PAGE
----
The last point that I want to raise-there are many more that I could raise but I do not want to take up too much time-concerns agents. We heard earlier about agents from the two campaigns. In Scotland, the local election areas, Wales and Northern Ireland, there will also be election agents for the parties. There will party agents and agents for the "Yes to AV" and "No to AV" campaigns. Presumably the party agents dealing
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Lord Maxton: My noble friend raises a very interesting point. However, in a sense the problem is even greater than he perhaps realises. I cannot see that most of the people who will be campaigning for the yes vote or the no vote will not be political activists anyway.
There are not large numbers of us around, so it may very well be that, at the school, some people will be asked to take on a dual role, both as an agent for a party and an agent for one of the campaigns. The problem with that, of course, is that at one school the Conservative agent may be against AV and at another school the Conservative agent may be acting as agent for the yes vote. It is all going to get very complicated.
Lord Foulkes of Cumnock: My noble friend has made the point. What I was trying to say and I have been trying to say it in a number of contributions earlier, is that these polls will be far more complicated than we are led to believe by the Government and will cause lots of problems. I have no wish to exacerbate the problems; that is why I strongly support the suggestion of my noble friend Lady Liddell of Coatdyke that an all-party group should be set up to look at these schedules and identify any problems that might arise. That, surely, is us on this side being a wee bit helpful.
Lord Falconer of Thoroton: My Lords, Schedule 2 is important. The noble Lord, Lord Tyler, is right that it reflects experience from other elections. Looking at the 15th Marshalled List, Amendments 112A to 122A are specific amendments to Schedule 2, so I am not sure whether the noble Lord, Lord Tyler, was right when he said that there were no amendments to Schedule 2. I am interested in a number of specific issues that relate to the interaction between the referendum and other polls. First, in paragraph 13 (3), it is said that in England, Wales, Scotland and Northern Ireland,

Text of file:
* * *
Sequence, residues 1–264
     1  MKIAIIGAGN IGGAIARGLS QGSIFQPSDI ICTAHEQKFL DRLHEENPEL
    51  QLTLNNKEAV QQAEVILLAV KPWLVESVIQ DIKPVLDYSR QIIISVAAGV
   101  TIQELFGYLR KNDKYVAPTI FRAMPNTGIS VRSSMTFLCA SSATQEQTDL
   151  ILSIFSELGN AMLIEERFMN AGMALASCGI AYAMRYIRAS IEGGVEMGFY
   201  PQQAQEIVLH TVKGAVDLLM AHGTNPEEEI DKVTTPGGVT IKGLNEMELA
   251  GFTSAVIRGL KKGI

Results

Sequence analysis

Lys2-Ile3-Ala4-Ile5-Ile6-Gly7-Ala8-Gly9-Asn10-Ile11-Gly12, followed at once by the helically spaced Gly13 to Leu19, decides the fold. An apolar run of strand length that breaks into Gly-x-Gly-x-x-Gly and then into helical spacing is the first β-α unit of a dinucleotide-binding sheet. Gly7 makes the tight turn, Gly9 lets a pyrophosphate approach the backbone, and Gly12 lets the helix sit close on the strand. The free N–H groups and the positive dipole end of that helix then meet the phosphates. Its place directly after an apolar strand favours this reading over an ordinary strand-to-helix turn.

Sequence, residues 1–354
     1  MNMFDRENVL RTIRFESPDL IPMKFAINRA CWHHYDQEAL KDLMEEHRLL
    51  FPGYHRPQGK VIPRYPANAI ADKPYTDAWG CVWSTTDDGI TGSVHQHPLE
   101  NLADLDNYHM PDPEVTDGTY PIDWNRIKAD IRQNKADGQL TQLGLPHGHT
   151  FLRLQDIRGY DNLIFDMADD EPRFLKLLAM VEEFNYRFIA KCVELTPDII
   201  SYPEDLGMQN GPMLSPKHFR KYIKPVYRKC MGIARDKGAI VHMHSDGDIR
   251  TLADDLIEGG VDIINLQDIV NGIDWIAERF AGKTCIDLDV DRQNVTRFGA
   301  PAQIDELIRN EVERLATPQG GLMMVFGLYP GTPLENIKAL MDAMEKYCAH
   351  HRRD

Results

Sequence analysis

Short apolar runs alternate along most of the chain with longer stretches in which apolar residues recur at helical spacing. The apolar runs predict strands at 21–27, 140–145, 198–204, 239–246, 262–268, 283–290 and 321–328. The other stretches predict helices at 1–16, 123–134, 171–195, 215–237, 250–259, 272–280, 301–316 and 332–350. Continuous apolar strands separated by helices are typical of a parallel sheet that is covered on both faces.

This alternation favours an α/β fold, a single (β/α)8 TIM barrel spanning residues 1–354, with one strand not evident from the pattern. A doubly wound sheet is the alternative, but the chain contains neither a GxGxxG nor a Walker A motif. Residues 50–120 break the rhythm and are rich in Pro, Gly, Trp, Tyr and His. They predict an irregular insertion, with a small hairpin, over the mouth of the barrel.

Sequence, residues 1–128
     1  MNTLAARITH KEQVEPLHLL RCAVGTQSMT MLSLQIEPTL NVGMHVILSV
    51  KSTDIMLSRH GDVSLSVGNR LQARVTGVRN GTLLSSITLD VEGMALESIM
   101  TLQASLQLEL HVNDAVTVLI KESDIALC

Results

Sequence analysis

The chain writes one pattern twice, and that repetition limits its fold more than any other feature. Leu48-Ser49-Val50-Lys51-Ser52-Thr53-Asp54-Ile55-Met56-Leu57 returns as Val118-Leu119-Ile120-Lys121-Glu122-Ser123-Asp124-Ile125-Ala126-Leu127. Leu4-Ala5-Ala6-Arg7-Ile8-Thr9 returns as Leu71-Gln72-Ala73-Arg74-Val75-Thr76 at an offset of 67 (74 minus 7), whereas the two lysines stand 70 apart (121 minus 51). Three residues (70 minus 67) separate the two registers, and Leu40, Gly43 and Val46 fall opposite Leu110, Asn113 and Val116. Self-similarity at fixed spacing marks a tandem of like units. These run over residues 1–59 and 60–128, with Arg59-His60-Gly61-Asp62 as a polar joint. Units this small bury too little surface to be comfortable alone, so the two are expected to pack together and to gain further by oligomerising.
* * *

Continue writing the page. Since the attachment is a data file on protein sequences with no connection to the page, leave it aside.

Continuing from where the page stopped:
Why is the parliamentary polling area being chosen for a referendum and for the other votes when Parliament is not the district for the count, nor the place for which people are voting? I am surprised that that has been chosen.
That makes the presiding officer the person responsible. Is it envisaged that the same presiding officer will be appointed for the local elections and the parliamentary elections? I assume that it is. If not, who is in charge of the polling station? Issues might arise in relation to the conduct of a polling station of the sort, for example, that arose at the end of the general election as to when to close the doors, or what to do about the queues. There needs to be some degree of certainty as to who is in charge. I assume that that will be achieved by the same person being appointed as the polling officer.
Thirdly, the schedule envisages a polling agent being appointed and a referendum agent being appointed. The purpose, as I understand it, of a referendum agent and a polling agent being appointed is that those two "agents" are responsible for seeking to prevent personation in the polling station. Is it envisaged that this would be two people, or is it envisaged that it would be one person for the same polling station? Do the same rules apply both in relation to electoral law on referendum voting and the polling voting? Can there be a conflict? Again, we would be looking for the same person to be appointed to deal with both.